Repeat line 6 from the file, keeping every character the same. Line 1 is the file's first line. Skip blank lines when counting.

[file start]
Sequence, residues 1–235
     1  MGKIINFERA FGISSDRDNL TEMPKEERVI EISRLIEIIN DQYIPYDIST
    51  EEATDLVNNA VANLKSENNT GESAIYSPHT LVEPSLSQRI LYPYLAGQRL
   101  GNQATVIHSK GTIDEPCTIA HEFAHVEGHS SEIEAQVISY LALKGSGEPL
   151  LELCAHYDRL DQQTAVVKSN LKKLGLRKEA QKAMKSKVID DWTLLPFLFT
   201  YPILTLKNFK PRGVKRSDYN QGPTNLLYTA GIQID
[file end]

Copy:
   201  YPILTLKNFK PRGVKRSDYN QGPTNLLYTA GIQID